|Bruce Beaubouef • Houston|
Ziff Energy recently completed the 9th edition of its "Gulf of Mexico Deepwater Improving Field Performance (IFP)" study, which evaluates three years (2010 to 2012) of operations performance for 24 deepwater producing assets in the GoM.
|Deepwater production in the GoM, 1995-2012. (Courtesy Ziff Energy Group)|
Participation included six deepwater operators, with majors such as Shell and Chevron and leading independents Anadarko and Murphy taking part. The study participants collectively account for 736,000 boe/d total produced in the deepwater region and $887 million in operating expense.
The study says that the GoM deepwater region represents the most important domestic oil supply area for the US, with the Permian basin, Bakken, and Eagle Ford onshore plays accounting for the other notable domestic supply areas.
|Deepwater average unit operating cost, 2006-2012. (Courtesy Ziff Energy Group)|
In recent years, operators have developed many new "world class" discoveries in the GoM deepwater areas, the study notes. But it also points out that in 2011, production fell in the wake of the Macondo incident. Deepwater oil production in 2012 was stable, the study says, but has not recovered to the pre-Macondo level. By way of contrast, the gas production decline was more significant, and the current level of 2 bcf/d is only half of the peak reached in 2003-4.
The average unit operating cost ($/boe) in the deepwater Gulf during the past two years has increased significantly (about 45% higher) relative to 2010 as a result both operating cost spending increases (the primary factor; up over 40% between 2011 and 2010) and production declines (down about 10%). However, at less than $5/boe opex, the oil netbacks are highly attractive.
This year's study updated the "Operating Cost Efficiency and Uptime Reliability Metrics" last measured in 2011 with the 8th Edition. This year, Ziff Energy collected data for 2011 and 2012 and conducted extensive trend analysis over the three-year period 2010 to 2012 at both field and company levels. Ziff Energy says that its database of historical costs in the deepwater, which goes back to 1998, allows it to examine cost trends over more than a decade, covering the life cycle of a number of fields.
"The study analyzes the effectiveness of each participant's operating philosophies on production loss control, surface repair and maintenance programs, staffing levels, logistics, and chemical and well servicing programs," said Shuqiang Feng, Ziff Energy's project manager for the study. "The study identifies key opportunities to lower operating cost in these areas by benchmarking new key performance indicators (KPIs) for operations, such as asset complexity factor, staffing index, and energy index. The study also identifies key opportunities to improve production efficiency and reliability by benchmarking production uptime performance metrics." The uptime metrics are based on analysis of daily production and include "deferred production," mean time between downtime incidents (MTBI), and mean time to recover production (MTTR). Ziff Energy also collects information on the reasons for downtime incidents to understand why production is being lost.
Ziff Energy says its deepwater study found a surprisingly wide range of uptime performance, which indicates an improvement opportunity for industry worth hundreds of millions of dollars of annual revenue.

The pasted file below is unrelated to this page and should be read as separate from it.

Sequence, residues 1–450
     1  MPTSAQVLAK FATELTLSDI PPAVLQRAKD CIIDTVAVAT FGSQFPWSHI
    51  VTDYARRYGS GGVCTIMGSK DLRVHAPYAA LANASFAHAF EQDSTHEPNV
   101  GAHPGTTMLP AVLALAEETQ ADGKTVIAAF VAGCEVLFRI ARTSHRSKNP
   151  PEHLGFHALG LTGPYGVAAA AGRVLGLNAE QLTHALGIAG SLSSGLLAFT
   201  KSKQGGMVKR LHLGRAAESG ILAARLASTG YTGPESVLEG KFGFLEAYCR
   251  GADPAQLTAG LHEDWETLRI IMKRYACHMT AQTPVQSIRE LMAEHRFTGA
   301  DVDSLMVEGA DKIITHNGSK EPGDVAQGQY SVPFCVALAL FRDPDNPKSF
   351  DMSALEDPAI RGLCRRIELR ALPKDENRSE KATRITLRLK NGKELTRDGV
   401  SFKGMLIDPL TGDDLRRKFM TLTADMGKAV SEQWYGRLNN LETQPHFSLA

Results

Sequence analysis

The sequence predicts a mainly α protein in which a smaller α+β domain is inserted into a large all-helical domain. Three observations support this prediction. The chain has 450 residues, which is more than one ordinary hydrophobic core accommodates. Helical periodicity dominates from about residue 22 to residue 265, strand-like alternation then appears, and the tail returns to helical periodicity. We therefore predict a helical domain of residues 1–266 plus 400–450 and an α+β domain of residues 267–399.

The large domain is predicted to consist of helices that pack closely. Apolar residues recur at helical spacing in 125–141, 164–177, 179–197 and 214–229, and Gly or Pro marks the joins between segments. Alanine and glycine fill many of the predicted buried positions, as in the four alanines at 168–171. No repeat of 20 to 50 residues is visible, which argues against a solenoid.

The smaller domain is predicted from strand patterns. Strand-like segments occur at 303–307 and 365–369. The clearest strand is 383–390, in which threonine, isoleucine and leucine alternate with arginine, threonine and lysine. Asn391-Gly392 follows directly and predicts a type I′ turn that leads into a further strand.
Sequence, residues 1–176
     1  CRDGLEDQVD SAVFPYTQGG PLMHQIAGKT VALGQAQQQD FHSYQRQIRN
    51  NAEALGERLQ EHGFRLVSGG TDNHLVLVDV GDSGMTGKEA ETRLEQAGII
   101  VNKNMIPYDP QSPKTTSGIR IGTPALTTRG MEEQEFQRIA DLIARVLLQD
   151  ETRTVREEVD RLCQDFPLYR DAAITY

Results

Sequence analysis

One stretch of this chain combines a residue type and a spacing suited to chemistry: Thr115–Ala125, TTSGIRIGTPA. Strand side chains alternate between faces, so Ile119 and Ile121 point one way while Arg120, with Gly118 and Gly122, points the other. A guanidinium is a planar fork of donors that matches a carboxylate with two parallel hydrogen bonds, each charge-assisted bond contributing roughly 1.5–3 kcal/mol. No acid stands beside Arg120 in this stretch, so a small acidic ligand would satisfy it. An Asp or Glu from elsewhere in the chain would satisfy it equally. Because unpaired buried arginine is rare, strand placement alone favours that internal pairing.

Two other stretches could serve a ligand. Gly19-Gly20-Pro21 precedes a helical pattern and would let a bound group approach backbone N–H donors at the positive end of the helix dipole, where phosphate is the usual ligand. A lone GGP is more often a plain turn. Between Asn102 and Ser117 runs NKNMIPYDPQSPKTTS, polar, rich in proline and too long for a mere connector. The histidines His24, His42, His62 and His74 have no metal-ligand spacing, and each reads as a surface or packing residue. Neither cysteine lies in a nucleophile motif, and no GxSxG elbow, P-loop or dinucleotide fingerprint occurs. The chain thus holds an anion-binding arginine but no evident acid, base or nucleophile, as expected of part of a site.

The study examined deferred production for 2012 associated with planned and unplanned downtime by type of cause: facility failures (on the platform), well failures (subsurface), midstream and market (e.g. pipeline), reservoir, weather, and other external causes. Weather was a significant factor in 2012. Ziff Energy notes that the value of the unplanned deferment ($1.7 billion) was 1.9 times the total opex ($0.9 billion) of the assets.
Olympus TLP leaves for Shell's Mars B
TheOlympus TLP has departed the Kiewit Offshore Services yard in Ingleside, Texas, bound for Shell's Mars field in the Mississippi Canyon area of the Gulf of Mexico.
The 120,000-ton TLP, believed to be the largest ever deployed in the Gulf of Mexico, will be moored in 3,000-ft (914-m) water depths about 1 mi from the existing Mars platform, which started production in 1996. The new TLP hosts a 24-slot drilling unit and includes capacity for six subsea wells to gather production from the nearby West Boreas and South Diemos fields.
The platform, centerpiece of what Shell has dubbed the Mars B development, has a production capacity of about 100,000 boe/d. The project is expected to extend the field life of Mars to at least 2050.
Apache to sell GoM shelf assets
Apache Corp. has agreed to sell its GoM shelf operations and properties to Fieldwood Energy for $3.75 billion. Fieldwood is an affiliate of Riverstone Holdings.
Apache will retain 50% ownership interest in all exploration blocks and in horizon below production in existing blocks.
The effective date is July 1, 2013, and the project closing date is Sept. 30, 2013, subject to regulatory and closing conditions being met.
Apache's shelf to 1,000 ft (305 m) water depth comprises more than 500 blocks with 1.9 million net acres and year-end 2012 estimated proved reserves of 133 MMbbl of oil and natural gas liquids, and 636 bcf of natural gas. In 1Q 2013, the fields averaged net production of approximately 50,000 b/d of liquid hydrocarbons and 254 MMcf/d of natural gas.
"The shallower horizons in the Shelf have matured to the point that dependable production growth is more difficult to achieve than from our onshore liquids plays," said Steven Farris, chairman and CEO of Apache. "We remain excited about the potential associated with the emerging plays under existing salt domes, which is why we retained 50% of the deep rights on 406 blocks held by production and 50% of all rights in 146 primary term blocks."